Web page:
The Supreme Court has revived Donald Trump’s ban on transgender troops.
On Tuesday (Jan. 22), the Supreme Court moved forward with Trump’s military ban on transgender troops despite LGBTQ activists calling the ban irrational and immoral. Trump announced the new policy via Twitter back in July 2017, and it was officially released in 2018 by former Secretary of Defense James Mattis.
The policy will block individuals who have been diagnosed with a condition known as gender dysphoria from serving with limited exceptions; it also highlights that if an individual does not have that condition and would like to serve they would have to do so under the sex, they were birthed. The Pentagon released a statement following the SCOTUS’ decision to allow the ban, noting that the policy will not be a ban on all transgender persons in the military.
“As always, we treat all transgender persons with respect and dignity. (The Department of Defenses) proposed policy is NOT a ban on service by transgender persons. It is critical that DoD be permitted to implement personnel policies that it determines are necessary to ensure the most lethal and combat effective fighting force in the world. DoD’s proposed policy is based on professional military judgment and will ensure that the U.S. Armed Forces remain the most lethal and combat effective fighting force in the world,” Lt. Col. Carla Gleason, a Pentagon spokesperson, told CNN.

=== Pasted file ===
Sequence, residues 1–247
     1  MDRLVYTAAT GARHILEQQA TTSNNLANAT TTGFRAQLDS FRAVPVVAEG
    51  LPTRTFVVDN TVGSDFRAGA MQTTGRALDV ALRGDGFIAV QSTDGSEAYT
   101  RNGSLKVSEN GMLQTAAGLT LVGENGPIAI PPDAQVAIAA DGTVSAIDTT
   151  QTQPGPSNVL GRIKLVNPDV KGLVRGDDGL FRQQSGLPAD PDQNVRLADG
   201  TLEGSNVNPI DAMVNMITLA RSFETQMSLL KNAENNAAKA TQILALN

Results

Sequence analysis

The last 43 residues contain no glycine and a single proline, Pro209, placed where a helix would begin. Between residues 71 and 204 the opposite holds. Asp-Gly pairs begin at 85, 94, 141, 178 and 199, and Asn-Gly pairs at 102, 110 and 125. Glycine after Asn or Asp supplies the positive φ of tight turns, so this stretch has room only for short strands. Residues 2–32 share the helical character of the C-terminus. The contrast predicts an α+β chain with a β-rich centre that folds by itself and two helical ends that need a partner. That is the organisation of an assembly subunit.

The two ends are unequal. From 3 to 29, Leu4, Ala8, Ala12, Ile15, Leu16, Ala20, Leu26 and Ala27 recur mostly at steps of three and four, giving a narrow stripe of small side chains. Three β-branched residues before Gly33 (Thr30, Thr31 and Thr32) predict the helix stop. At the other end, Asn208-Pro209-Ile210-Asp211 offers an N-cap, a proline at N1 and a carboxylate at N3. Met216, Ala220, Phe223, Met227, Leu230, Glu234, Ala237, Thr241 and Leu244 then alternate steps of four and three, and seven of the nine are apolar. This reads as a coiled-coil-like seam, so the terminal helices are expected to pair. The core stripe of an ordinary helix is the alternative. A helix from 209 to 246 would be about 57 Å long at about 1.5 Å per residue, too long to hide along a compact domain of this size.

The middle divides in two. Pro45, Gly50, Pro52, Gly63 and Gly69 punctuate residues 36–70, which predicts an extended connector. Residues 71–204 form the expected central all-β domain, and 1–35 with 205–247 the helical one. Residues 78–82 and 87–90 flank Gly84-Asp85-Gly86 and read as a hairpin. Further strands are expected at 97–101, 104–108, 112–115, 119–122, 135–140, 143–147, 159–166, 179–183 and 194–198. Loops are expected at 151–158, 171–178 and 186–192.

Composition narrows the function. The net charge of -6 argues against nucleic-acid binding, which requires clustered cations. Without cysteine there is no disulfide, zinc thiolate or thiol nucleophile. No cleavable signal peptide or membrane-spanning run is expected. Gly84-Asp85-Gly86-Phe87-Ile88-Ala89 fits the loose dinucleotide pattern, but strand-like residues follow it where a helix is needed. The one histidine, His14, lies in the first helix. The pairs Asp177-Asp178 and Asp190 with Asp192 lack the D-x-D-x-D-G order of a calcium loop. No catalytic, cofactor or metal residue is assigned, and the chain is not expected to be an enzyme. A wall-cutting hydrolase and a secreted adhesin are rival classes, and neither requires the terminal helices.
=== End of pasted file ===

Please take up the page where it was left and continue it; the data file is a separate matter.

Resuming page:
According to CNN, the majority of transgender people are now disqualified from joining the military service except service members who have been stable for 3 years in their biological sex prior to joining the military – which means 36 months after completion of surgery and hormone treatments, service members diagnosed with “gender dysphoria” after joining the military can stay in the military if they don’t require a change of gender and remain deployable, service members who were diagnosed with “gender dysphoria” before the effective date of the policy can still serve and receive medical treatment, and transgender persons without a gender dysphoria diagnosis or history can serve in their birth sex.
Gender dysphoria involves a conflict between a person’s physical or assigned gender and the gender with which the person identifies, according to the American Psychiatric Association.